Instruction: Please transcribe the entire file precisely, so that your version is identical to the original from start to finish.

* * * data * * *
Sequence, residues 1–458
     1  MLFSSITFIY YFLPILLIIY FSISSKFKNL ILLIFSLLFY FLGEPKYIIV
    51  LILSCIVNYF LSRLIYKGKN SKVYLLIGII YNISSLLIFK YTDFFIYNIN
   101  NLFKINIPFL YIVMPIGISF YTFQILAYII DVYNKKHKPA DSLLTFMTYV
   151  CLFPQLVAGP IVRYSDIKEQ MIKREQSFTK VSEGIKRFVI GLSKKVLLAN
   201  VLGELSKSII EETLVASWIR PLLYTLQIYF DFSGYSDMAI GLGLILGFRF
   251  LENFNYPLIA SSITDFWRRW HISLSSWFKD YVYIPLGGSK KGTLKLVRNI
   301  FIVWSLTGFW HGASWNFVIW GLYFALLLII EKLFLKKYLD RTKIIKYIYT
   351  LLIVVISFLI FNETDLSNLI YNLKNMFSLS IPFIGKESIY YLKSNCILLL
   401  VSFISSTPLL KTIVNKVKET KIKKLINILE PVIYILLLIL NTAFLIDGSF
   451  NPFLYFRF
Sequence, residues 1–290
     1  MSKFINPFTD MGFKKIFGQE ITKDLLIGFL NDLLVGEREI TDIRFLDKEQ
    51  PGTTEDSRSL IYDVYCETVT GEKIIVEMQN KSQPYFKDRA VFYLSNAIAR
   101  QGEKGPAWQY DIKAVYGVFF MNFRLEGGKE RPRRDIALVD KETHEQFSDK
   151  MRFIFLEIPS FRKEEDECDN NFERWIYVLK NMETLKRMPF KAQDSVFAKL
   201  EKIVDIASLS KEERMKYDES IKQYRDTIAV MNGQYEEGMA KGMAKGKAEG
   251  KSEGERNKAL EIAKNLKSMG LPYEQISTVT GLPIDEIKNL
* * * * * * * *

Sequence, residues 1–458
     1  MLFSSITFIY YFLPILLIIY FSISSKFKNL ILLIFSLLFY FLGEPKYIIV
    51  LILSCIVNYF LSRLIYKGKN SKVYLLIGII YNISSLLIFK YTDFFIYNIN
   101  NLFKINIPFL YIVMPIGISF YTFQILAYII DVYNKKHKPA DSLLTFMTYV
   151  CLFPQLVAGP IVRYSDIKEQ MIKREQSFTK VSEGIKRFVI GLSKKVLLAN
   201  VLGELSKSII EETLVASWIR PLLYTLQIYF DFSGYSDMAI GLGLILGFRF
   251  LENFNYPLIA SSITDFWRRW HISLSSWFKD YVYIPLGGSK KGTLKLVRNI
   301  FIVWSLTGFW HGASWNFVIW GLYFALLLII EKLFLKKYLD RTKIIKYIYT
   351  LLIVVISFLI FNETDLSNLI YNLKNMFSLS IPFIGKESIY YLKSNCILLL
   401  VSFISSTPLL KTIVNKVKET KIKKLINILE PVIYILLLIL NTAFLIDGSF
   451  NPFLYFRF
Sequence, residues 1–290
     1  MSKFINPFTD MGFKKIFGQE ITKDLLIGFL NDLLVGEREI TDIRFLDKEQ
    51  PGTTEDSRSL IYDVYCETVT GEKIIVEMQN KSQPYFKDRA VFYLSNAIAR
   101  QGEKGPAWQY DIKAVYGVFF MNFRLEGGKE RPRRDIALVD KETHEQFSDK
   151  MRFIFLEIPS FRKEEDECDN NFERWIYVLK NMETLKRMPF KAQDSVFAKL
   201  EKIVDIASLS KEERMKYDES IKQYRDTIAV MNGQYEEGMA KGMAKGKAEG
   251  KSEGERNKAL EIAKNLKSMG LPYEQISTVT GLPIDEIKNL